Problem Statement

I have a set of lat-long locations, say 30 in number. Ideally they should be just a few meters from each other on ground. But sometimes there's that odd junk data point that's 20kms away or so, which messes up the whole cluster. I want to programmatically identify these "odd ones out". What would be a good way of going about this? Will mention here: I have to repeat this thousands of times, so seeking a programmed way.

Strategies coming to mind

  • Use Sklearn package's AgglomerativeClustering as done in the Kaggle example below.
  • Draw distance buffers and dissolve, then find largest polygon and all points outside of it, based on PyQGIS answer linked below.
  • Convert lat-longs to OpenLocationCode / plus.code, and find the most frequent one. This is simplistic and crude as the plus code grid is predefined (what if two points are right next to each other? what if one grid size resolution is too large and next level one that's 400x smaller is too small?)


  • Max cluster area : 2 sq km
  • Or, max distance between any two points: 0.5 km.
  • Input would be one dataframe having one point per row
  • Output would be two dataframes or lists telling which is 'Out' and which is 'In'.

Good leads to pursue

I'll update here if I find more leads.

Clarification notes

  • No weighing, scoring business etc. They're just lat-long points.
  • The data is ok enough that we can trust the majority; most points are near the right place and there may be just 1 to 3 outlaws in each set.
  • Preferred programming language is python3, but I'm open to seeing other solutions; will adapt.
  • I'm not too concerned about lat-long contorting (the work area is in the tropics so a lat-long grid is pretty squarish), so it's possible to boil this down to a simple x-y scatterplot, and finding the odd one out.
  • I'm aware that the algorithms can even generate multiple clusters. In that scenario I'll just take the most populated cluster and all the other points will be branded outlaws. In case of 50-50, I'll flip a coin :)
  • No need of visualising! This has to be a sub-routine at back end.

Related questions on this forum

  • Check this out: stackoverflow.com/a/26544427/1446289
    – Aaron
    Jan 13, 2019 at 16:02
  • @Aaron thanks I'll add it to the references. It's in R and I currently can't see how to adapt it to python. Can you share which libraries to import etc?
    – Nikhil VJ
    Jan 13, 2019 at 16:15
  • There's a ton of information here, but very little in the way of focused question. You appear to want to start a discussion, but GIS SE doesn't really do discussions. We do have Geographic Information Systems Chat, but it is underutilized, so you might need to seek advice elsewhere.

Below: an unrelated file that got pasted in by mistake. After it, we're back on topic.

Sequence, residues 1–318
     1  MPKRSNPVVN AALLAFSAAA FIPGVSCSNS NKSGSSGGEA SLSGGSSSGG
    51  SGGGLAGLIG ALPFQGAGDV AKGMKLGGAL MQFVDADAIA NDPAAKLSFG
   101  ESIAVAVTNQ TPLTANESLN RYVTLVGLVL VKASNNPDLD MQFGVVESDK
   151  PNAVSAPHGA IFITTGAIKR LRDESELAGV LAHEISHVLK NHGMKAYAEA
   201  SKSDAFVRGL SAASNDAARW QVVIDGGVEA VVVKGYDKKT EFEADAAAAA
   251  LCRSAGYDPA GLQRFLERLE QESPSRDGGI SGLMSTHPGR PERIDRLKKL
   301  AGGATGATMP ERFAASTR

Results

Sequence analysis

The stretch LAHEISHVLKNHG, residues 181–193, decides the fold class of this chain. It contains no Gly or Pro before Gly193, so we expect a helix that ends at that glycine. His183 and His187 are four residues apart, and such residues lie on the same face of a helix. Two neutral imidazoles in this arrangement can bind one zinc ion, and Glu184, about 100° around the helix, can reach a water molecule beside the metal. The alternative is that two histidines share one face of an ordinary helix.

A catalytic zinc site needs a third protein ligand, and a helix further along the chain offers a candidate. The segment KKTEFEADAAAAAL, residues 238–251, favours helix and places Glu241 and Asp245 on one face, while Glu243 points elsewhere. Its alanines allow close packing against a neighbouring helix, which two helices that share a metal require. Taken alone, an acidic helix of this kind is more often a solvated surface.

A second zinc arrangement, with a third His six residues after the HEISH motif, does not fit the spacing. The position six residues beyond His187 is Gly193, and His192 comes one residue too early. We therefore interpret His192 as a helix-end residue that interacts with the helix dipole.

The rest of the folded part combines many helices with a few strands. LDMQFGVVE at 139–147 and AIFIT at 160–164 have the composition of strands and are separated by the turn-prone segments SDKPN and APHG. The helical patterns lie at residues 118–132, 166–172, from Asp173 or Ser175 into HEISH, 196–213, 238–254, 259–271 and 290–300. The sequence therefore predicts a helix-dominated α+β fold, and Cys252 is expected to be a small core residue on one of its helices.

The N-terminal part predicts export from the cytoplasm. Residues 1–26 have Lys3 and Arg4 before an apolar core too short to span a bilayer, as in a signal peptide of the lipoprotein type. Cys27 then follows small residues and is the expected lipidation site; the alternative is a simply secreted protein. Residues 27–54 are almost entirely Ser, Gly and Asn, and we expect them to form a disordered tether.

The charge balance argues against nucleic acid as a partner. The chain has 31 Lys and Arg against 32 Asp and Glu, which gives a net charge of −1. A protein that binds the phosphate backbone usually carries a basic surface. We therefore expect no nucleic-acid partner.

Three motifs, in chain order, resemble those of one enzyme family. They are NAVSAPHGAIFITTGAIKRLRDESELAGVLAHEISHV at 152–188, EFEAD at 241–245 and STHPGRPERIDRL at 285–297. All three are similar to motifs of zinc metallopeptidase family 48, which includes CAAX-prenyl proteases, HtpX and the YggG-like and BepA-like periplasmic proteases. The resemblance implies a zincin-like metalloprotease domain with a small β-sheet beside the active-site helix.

– Vince
    Jan 14, 2019 at 0:09
  • Actually I want one sound technical answer, found leads in multiple directions but don't know which will lead to a solution first (or a more efficient one) and didn't want to create a new question here for each one. Had to share prior done research so I don't have a dozen comments / answers simply pointing to the same things. I've provided the exact inputs, outputs, parameters. If the one provided works out I'll mark it as answer. Also : am one point short of being able to use that chat system :)
    – Nikhil VJ
    Jan 14, 2019 at 10:43

2 Answers 2


If what you are looking at is simply filtering out points that are outliers (e.g. distance bigger than x), then a good solution that I used successfully in the past is to run a nearest neighbour algorithm and filter by maximum distance.

In python this can be achieved very efficiently and fast by using the sklearn package. An example code could be:

from sklearn.neighbors import NearestNeighbors
nn = NearestNeighbors(n_neighbors=2)
# for each point, the first match is the point itself, the second match is the actual nearest neighbour
distances, indicies = nn.kneighbors(samples)
# you can now sort through the "distances" dataset to find values higher than you threshold and delete those entries

You may want to reproject your dataset to a projected coordinate reference system having meters as units. A simple way you can do it is by using geopandas (you mentioned dataframes, so I guess you are familiar with pandas)


However that can be achieved in many other ways.

NOTE: this method assumes that the outlier is an outlier of any cluster (e.g. away from ANY other point). If this is not the case the method will not work unless you repeat this step iteratively selecting one cluster at the time


I think DBSCAN clustering algorithm is what you are looking for. If you have PostGIS at your fingertips, then you can simply use st_clusterdbscan function as described here. If you really want python, then you can probably use scikit-learn implementation of that algorithm which is described here.

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